Cut the sugar intake and live a longer life

2014-06-01 15:01

It’s an oft-repeated statement: sugar is bad for you. So bad that, in an attempt to get consumers to cut down on their sugar intake, the World Health Organisation (WHO) published new draft guidelines in March, which it believes will deal with obesity and tooth decay.

The UN’s public health body recommends sugars should make up less than 10% of total energy intake each day, but cutting down to less than 5%, or about six teaspoons of sugar for an adult of normal body mass index, would have additional benefits.

The 10% guideline has been around since 2002, but that has not done much to dissuade people with a sweet tooth, judging by numbers released this week by South Africa’s sugar barons.

On Monday, both Illovo and Tongaat Hulett, which make sugar products bearing their names, told the market their financial years to March were profitable, though not at the expected margins because world sugar prices are at their lowest level in years.

Illovo made R13.2?billion in sales, compared with just R6.5?billion in the corresponding year to March 2004, its first full year after the WHO guidelines were published.

Tongaat Hulett sold R15.7?billion worth of its products, R6.2?billion coming from South Africa alone. The sales it made here are almost on par with the R6.6 billion the entire group made in 2003, the year after the WHO’s guidelines.

Popo Maja, a spokesperson for the health department, said it supported the WHO’s latest guidelines. But instead of solely focusing on consumers, the food processing industry is in Health Minister Aaron Motsoaledi’s sights.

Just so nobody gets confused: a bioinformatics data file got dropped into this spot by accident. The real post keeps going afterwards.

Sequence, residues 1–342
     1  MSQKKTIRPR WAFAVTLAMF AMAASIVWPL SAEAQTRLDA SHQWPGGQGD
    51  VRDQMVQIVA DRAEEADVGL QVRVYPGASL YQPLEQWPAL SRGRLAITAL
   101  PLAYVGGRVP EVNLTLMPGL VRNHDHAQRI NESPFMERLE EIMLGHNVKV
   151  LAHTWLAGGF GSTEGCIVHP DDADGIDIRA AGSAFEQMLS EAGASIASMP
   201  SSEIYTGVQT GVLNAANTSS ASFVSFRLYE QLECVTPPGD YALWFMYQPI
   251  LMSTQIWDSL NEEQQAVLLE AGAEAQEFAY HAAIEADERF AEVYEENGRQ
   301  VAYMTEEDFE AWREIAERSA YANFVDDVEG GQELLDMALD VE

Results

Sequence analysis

Maja said: “We are embarking on a health promotion and wellness awareness campaign to educate the public. The 5% is targeted at the food processing industry, which we are yet to engage.”

The WHO said many sugars are “hidden” in processed foods not usually seen as “sweets”. As an example, it cited a tablespoon of tomato sauce, which it said contains about 4g, or about a teaspoon, of sugar.

Pioneer Foods is one of the country’s largest food processors, and its Ouma rusks, Maltabella porridge, Heinz tomato ketchup and Nulaid eggs can be found in almost every kitchen.

If the health department has its way, the company would have to cut tons of sugar from its factory lines.

But Pioneer’s corporate affairs boss Lulu Khumalo said the company is looking forward to possible talks with the department.

“We always welcome an opportunity to engage with government on all regulations concerning the manufacturing of food and beverages. This applies in this instance as well,” she said.

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